Archive for the ‘ori investigations’ Category
That’s an important question, with an answer that may help determine how much attention some people pay to research misconduct. But it’s one that hasn’t been rigorously addressed.
Seeking some clarity, Andrew Stern, Arturo Casadevall, Grant Steen, and Ferric Fang looked at cases in which the Office of Research Integrity had determined there was misconduct in particular papers. In their study, published today in eLife: Read the rest of this entry »
A former postdoc at MD Anderson Cancer Center faked the results of a mouse study of a Novartis compound designed to fight brain tumors, according to the Office of Research Integrity (ORI).
Jun Fu “admitted to knowingly and intentionally falsifying Figure 8a” in “Novel HSP90 Inhibitor NVP-HSP990 Targets Cell-Cycle Regulators to Ablate Olig2-Positive Glioma Tumor–Initiating Cells,” a paper published in Cancer Research on May 15, 2013:
The Office of Research Integrity has sanctioned a former researcher in the lab of Linda Buck, winner of the 2004 Nobel Prize in Physiology or Medicine, for falsifying data in two papers written with the support of grants from the National Institutes of Health.
The researcher, Zou Zhihua, worked with Buck as a post-doc at Harvard and then at the Fred Hutchinson Cancer Research Center, in Seattle, Buck’s current home. After leaving there in 2005, he spent three years at the University of Texas Medical Branch in Galveston, and now appears to be a faculty member at Jilin University in China.
According to the report:
There has been another development in the case of Dong-Pyou Han, the former Iowa State University (ISU) researcher who admitted last fall to spiking rabbit blood samples to make it look as though his team’s HIV vaccine was working in the animals.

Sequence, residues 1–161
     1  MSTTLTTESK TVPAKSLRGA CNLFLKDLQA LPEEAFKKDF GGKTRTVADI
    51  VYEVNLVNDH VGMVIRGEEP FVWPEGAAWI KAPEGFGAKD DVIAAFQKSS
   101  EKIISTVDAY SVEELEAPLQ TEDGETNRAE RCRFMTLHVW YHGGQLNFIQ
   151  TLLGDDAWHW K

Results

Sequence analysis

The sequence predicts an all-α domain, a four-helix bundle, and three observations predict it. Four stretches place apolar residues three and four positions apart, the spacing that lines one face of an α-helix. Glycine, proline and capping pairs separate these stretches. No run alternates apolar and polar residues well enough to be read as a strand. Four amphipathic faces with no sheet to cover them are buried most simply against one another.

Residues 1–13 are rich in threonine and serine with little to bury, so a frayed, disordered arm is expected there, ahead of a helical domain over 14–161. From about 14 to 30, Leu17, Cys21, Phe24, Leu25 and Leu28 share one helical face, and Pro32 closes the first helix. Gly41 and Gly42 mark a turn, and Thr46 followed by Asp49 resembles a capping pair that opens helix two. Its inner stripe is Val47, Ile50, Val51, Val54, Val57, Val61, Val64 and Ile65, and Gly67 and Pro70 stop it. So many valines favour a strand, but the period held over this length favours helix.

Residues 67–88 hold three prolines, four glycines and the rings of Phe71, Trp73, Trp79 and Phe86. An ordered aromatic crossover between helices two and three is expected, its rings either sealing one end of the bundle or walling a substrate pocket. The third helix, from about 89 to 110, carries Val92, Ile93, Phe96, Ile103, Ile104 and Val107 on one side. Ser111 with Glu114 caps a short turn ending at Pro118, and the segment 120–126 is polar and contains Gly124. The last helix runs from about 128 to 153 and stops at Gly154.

Melanie Pallansch-Cokonis, a former research technician at Southern Research Institute, faked data in work funded by NIH contracts and grants, according to the Office of Research Integrity (ORI).
“Misrepresentation,” “reckless disregard for basic scientific standards”: Hauser report reveals details of misconduct
Courtesy of a Freedom of Information Act request, The Boston Globe has a very good piece detailing what investigators found had actually happened in the Marc Hauser lab before the former Harvard psychology researcher resigned in 2011 and was found guilty of misconduct by the Office of Research Integrity (ORI) in 2012.
The Globe requested the 2010 report Harvard sent the ORI. Here’s a summary:
The 85-page report details instances in which Hauser changed data so that it would show a desired effect. It shows that he more than once rebuffed or downplayed questions and concerns from people in his laboratory about how a result was obtained. The report also describes “a disturbing pattern of misrepresentation of results and shading of truth” and a “reckless disregard for basic scientific standards.”
The Globe quotes key passages from the report: Read the rest of this entry »
We first wrote about Helen Freeman in February, when we covered a retraction in Cell Metabolism that said the UK’s Medical Research Council had found that she committed misconduct while working as a student at Oxford. Today, a Federal Register notice from the ORI reports that Freeman faked images in a manuscript submitted to Nature while she was working on federally funded grants at Harvard Medical School and Beth Israel Deaconess Medical Center.
fabricated the quantitative and qualitative data for RNA and DNA purportedly extracted from 900 formalin-fixed, paraffin-embedded (FFPE) colorectal tissue samples presented in Table 1 of the CEBP paper and falsely reported successful methodology to simultaneously recover nucleic acids from FFPE tissue specimens, when neither the extractions nor analyses of the FFPE samples were done. Thus, the main conclusions of the CEBP paper are based on fabricated data and are false.
A former postdoc at the Mount Sinai School of Medicine in New York faked data in four published papers, one submitted manuscript, and four NIH grant applications, according to new findings by the Office of Research Integrity.
We reported on six retractions from Savio Woo’s Mount Sinai lab in 2010, from the Proceedings of the National Academy of Sciences (PNAS), the Journal of the National Cancer Institute, and two each from Human Gene Therapy and Molecular Therapy. The PNAS paper, as we noted then:
claimed to have discovered a possible cure for phenylketonuria, or PKU, in mice—a finding that was cited more than 30 times and trumpeted in the media.
At the time, Mount Sinai said that two of the lab’s postdocs had been dismissed for misconduct. Now, more than three and a half years later, the ORI reports that a former postdoc in that lab, Li Chen: Read the rest of this entry »